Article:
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Sunday, December 4, 2011

Philosophy is Phun Blog # 58 – Evolution of a College Student

As I get closer to the end of my first semester as a freshman here at the University of Maryland, I have realized a lot about my life has changed to an extreme degree, that being an understatement. I no longer have my mom as my alarm clock and instead of my mom and dad I have Andrew and Kyle, my two roommates. I don’t have home cooked meals but now I have dining halls. In high school there was a recognizable small niche community while now I am one in a crowd of 38,000 people. With these changes, I have had to transition into a completely new way of life. For those of you reading right now that have yet become a student of a university, nothing that I can say can truly prepare you for the change of pace associated with being a college kid. It is truly one of the biggest examples of things you must experience first-hand in order to truly understand. While after reading this, you may think that college is a scary time and I won’t lie to you and pretend that it isn’t. It all depends on how you transition into your new lifestyle and that will determine how much you are able to enjoy it and how much success you will have as well. By the end of this semester I can proudly say that I have established this university as my new home and have made many new friends and adjusted my habits to hopefully ensure that I will have success in my remaining years of college.

In order to have these changes in my life, I must also go through the transition period where I adapt from the old to the new. Adapting is a necessary and vital skill to have in order to be a successful person in life. You don’t need such a blatant example like going to college to know that every day we are faced with situations that require us to adapt and change. It could be anything from adjusting your plan to your entire philosophy and perspective on life. Sometimes these changes are voluntary and others are forced but regardless, making a transition will almost always yield positive results in the long term. It is necessary to assimilate into whatever culture or society you associate with in order to fit in and be afforded opportunities. If you are completely too stubborn to change at all, time will pass you by and you will be stuck with old ways of thinking that may no longer be applicable to the current situation at hand. With this being said, it is still important to retain some of your original ideals and values. These are what make you who you are as an individual and if you lose focus on them then you can really harm your own well being and cause confusion and identity problems. Keeping reminders and memories of where you have come from is a great way to exhibit everything you have accomplished so far in life and will allow you to look forward and focus on achieving so much more.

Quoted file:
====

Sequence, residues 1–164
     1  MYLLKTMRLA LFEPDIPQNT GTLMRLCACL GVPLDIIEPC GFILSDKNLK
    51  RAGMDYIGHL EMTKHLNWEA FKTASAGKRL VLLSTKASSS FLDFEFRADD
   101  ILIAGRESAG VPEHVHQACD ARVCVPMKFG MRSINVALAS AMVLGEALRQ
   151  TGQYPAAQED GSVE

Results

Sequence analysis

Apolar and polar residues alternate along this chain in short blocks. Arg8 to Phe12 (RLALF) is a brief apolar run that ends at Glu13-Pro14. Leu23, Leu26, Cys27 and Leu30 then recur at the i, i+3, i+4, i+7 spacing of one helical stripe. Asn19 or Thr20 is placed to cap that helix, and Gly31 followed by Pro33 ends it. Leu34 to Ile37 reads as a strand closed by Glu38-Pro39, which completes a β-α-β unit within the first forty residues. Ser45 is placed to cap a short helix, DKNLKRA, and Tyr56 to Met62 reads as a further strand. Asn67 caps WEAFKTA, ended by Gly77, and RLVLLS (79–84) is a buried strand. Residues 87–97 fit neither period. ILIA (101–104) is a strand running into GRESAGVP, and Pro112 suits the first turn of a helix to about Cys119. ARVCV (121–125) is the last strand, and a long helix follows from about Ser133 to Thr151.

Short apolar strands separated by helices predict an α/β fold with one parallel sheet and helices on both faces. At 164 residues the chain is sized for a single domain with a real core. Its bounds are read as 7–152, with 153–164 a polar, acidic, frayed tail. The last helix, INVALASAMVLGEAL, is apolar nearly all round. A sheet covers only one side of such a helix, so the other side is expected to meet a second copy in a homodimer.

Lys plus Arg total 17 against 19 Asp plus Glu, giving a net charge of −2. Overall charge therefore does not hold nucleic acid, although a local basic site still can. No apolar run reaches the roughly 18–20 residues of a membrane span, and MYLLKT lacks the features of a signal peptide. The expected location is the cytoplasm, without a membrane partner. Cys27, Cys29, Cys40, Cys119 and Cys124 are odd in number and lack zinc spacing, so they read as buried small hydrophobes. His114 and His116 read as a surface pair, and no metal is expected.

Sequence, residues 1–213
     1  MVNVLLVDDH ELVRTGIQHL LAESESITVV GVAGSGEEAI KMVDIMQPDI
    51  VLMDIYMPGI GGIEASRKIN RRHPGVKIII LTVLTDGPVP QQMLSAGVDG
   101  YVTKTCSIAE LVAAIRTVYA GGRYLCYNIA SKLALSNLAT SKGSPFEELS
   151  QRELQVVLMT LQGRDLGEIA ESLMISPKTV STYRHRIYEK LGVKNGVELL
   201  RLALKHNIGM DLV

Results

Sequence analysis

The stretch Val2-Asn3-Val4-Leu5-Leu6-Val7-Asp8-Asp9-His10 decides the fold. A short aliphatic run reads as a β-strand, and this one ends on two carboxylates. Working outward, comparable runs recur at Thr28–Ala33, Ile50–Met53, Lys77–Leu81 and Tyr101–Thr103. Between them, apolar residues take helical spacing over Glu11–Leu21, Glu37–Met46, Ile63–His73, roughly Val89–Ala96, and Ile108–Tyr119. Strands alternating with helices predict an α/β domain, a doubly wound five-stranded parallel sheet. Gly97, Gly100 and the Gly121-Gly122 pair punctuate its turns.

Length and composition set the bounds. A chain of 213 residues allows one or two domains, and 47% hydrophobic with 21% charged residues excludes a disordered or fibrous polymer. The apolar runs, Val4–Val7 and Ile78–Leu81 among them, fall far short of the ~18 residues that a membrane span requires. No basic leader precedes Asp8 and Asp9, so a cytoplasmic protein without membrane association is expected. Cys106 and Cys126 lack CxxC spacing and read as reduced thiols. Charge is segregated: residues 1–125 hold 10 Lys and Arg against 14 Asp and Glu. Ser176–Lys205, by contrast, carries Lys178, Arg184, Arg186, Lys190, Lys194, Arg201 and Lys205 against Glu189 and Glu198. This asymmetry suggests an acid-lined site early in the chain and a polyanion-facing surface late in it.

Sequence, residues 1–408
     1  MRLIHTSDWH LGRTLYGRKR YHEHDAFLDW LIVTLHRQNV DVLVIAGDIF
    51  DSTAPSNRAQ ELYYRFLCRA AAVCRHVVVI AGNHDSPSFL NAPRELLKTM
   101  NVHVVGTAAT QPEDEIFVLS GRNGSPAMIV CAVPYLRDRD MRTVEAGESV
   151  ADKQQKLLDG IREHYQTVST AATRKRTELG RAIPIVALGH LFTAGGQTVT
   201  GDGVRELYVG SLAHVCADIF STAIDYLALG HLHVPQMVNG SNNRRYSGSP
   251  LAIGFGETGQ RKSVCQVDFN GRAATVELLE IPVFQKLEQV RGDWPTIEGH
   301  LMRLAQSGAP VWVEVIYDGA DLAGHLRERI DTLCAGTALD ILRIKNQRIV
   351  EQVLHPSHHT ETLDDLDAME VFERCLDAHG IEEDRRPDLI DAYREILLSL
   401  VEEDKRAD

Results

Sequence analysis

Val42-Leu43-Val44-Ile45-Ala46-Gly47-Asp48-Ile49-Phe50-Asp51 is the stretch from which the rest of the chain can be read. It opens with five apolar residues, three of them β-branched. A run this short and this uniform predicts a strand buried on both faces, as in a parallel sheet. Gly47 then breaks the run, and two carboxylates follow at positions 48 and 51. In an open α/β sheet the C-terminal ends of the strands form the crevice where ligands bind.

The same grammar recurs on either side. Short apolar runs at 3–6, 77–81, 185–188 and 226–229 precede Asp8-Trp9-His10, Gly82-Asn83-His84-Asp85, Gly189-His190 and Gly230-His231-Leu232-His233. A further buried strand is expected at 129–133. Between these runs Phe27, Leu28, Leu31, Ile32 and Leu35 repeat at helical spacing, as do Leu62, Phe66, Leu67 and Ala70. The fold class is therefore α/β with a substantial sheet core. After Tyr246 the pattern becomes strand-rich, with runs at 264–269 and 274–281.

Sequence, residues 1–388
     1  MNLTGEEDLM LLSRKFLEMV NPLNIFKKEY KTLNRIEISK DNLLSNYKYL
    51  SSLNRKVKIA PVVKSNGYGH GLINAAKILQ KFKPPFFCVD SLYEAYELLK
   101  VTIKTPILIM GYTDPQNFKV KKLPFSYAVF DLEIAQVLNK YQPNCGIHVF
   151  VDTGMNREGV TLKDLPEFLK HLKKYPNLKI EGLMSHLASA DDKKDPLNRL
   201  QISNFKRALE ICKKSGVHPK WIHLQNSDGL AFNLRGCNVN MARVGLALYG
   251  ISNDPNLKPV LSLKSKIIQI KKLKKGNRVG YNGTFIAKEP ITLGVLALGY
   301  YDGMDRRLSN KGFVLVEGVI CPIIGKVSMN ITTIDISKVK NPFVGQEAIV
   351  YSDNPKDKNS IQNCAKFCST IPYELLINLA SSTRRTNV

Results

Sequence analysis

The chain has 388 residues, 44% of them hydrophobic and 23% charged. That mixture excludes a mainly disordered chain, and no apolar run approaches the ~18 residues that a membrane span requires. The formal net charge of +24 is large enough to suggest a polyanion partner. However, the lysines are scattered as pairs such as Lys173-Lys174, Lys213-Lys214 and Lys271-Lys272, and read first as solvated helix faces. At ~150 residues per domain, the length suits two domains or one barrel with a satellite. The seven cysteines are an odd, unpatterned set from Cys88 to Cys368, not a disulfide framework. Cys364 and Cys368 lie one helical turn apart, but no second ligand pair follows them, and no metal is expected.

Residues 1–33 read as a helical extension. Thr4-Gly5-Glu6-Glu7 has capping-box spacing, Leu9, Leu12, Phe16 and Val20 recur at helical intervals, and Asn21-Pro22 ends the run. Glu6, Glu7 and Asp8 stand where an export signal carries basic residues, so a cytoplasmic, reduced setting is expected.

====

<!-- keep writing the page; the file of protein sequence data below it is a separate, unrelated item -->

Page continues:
As I mentioned, fitting in and getting comfortable are the main reasons why you want to make a transition as smooth as possible and why you ultimately modify your actions or thinking. It is natural to not enjoy the feeling of anxiety and restlessness accompanied by being outside your comfort zone so we attempt to make a place feel like home. This is why many dorm rooms are decorated with posters from home or interests that you have in order to increase this home feeling. It is vital that we in some shape or form get this homey feeling because without it, our productivity and efficiency will most likely be hindered. Most people can’t get work done let alone function without feeling comfortable in their current environment. While there are those people who are exceptions to the rule and feed off the adrenaline that uncomfortable situations give them, for the most part I believe people would rather live in an environment that makes them feel safe and secure rather than scared and vulnerable.

This transitionary period can vary in duration depending on who you are. Everybody has different comfort zones and their ability to adjust these boundaries of comfortability will directly correlate to how quickly a person will be done transitioning. Going back to the college example, the quicker you can make new friends, get used to your classes, and deal with being completely responsible for yourself, the quicker you will be able to feel at home. I have made this university my home and if you keep yourself open-minded, transitions present an opportunity to try new things and are necessary for growth and advancement.


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